This chapter examines changes and constants in North Korean society since the mid-1990s, when the country faced severe famine. In particular, it investigates the rise of the informal market economy – and its subsequent impact on gender roles – and a large exodus of women to China as a consequence of the economic crisis. The chapter situates the North Korean diaspora within the context of globalization and its implications for North Korean refugees and their human rights. It further discusses human rights debates in North Korea and defector human rights activism outside North Korea.
Recent North Korean diaspora has given rise to many female refugee groups fighting for the protection of women’s rights.
Presenting in-depth accounts of North Korean women defectors living in the UK, this book examines how their harrowing experiences have become an impetus for their activism. The author also reveals how their utopian dream of a better future for fellow North Korean women is vital in their activism.
Unique in its focus on the intersections between gender, politics, activism and mobility, Lim's illuminating work will inform debates on activism and human rights internationally.
This chapter explores the narratives of North Korean women activists about their involvement in human rights activism, including critical awakening and the turning point of their identity from victim to activist. The chapter examines motivating factors for their activism, as well as challenges and strategies. The women’s narratives suggest a strong sense of altruism and concern for other people in similar situations, which have operated as motivators for their activism. In conjunction with this, their imagination of a better future for fellow North Korean women (and children) has become the driving force behind their activism. The chapter further discusses their plans from an operational perspective: what possible collaborations and works could be undertaken?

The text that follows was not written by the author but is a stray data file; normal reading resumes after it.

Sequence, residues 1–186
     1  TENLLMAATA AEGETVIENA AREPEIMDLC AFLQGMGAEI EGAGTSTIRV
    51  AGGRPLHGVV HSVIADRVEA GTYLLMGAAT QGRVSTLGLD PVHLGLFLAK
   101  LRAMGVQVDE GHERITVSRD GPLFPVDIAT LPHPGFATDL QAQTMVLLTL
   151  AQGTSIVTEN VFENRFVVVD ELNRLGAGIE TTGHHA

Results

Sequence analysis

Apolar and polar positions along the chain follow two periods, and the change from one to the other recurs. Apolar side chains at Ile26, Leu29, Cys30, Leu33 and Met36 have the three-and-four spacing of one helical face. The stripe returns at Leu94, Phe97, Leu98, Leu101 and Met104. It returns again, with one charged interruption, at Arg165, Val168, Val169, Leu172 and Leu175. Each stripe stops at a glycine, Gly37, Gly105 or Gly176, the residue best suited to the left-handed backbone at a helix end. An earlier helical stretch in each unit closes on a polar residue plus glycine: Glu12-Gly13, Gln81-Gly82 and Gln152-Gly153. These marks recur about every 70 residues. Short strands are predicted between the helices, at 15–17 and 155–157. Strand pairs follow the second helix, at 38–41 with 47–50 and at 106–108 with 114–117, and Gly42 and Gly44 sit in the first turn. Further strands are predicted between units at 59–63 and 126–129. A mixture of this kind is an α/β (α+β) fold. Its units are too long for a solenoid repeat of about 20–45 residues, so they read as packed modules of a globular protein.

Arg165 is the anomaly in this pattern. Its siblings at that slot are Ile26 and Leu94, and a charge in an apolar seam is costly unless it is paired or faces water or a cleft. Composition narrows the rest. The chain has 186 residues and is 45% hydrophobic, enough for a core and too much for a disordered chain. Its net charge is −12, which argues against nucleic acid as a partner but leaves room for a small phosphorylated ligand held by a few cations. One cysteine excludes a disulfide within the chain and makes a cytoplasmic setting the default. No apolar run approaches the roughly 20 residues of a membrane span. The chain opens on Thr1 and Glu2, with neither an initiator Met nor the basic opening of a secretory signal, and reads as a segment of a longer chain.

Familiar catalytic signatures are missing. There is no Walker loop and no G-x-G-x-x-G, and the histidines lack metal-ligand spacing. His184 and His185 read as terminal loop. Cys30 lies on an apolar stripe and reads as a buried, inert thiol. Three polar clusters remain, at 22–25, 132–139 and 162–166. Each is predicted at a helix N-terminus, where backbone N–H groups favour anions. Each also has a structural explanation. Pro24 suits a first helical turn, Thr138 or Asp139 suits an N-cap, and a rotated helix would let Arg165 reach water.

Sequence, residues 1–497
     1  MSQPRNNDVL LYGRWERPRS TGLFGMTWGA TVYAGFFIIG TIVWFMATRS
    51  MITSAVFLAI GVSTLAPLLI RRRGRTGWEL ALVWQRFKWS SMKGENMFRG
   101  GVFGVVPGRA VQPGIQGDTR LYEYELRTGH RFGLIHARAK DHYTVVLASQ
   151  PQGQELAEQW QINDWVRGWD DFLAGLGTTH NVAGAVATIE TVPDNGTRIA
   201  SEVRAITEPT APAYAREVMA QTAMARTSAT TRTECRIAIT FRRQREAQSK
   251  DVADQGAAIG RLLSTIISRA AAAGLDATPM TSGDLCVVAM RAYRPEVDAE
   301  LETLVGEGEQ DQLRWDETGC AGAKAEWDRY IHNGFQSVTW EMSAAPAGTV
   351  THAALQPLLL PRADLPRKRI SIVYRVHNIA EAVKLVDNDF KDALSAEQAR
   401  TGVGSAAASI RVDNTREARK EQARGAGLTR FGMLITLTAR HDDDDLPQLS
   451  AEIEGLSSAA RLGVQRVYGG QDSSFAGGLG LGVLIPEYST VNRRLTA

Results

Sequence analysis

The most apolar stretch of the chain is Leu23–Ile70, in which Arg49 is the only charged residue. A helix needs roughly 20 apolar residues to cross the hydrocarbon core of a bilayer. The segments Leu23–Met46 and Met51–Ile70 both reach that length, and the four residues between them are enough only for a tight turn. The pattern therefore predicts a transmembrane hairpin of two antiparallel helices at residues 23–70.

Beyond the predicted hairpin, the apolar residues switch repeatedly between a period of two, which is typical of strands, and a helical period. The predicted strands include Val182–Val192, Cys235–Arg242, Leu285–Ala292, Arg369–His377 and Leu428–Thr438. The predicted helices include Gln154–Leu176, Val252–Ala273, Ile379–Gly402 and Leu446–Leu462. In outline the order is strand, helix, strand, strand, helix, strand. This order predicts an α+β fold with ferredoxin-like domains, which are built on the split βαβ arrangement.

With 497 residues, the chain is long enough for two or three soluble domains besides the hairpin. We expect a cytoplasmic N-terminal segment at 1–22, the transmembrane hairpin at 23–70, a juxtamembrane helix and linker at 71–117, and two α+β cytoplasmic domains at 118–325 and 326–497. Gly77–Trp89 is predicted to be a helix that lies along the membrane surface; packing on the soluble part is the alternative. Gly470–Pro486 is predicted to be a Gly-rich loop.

This chapter examines methodological considerations, focusing on ethical issues and the challenges of studying North Korean women defectors and their human rights issues. It applies a critical feminist approach. The chapter begins with a phenomenological method, linking to the life history and power of storytelling. Due to the risk of potential repercussions that defectors and their families face from the regime, as well as the sensitive nature of the topic, the study raises several ethical concerns. In addition, the dynamics between a woman researcher of South Korean heritage and North Korean women defectors poses methodologically important questions. Reflecting upon these, the chapter discusses the complex dynamics between insider and outsider, knower and enquirer, in a critical manner.
In Chapter Six, the book concludes by arguing for a broad approach to open justice that recognises the importance of public participation in a model of justice system accountability and does not wholly rely on the news media as a proxy for transparency.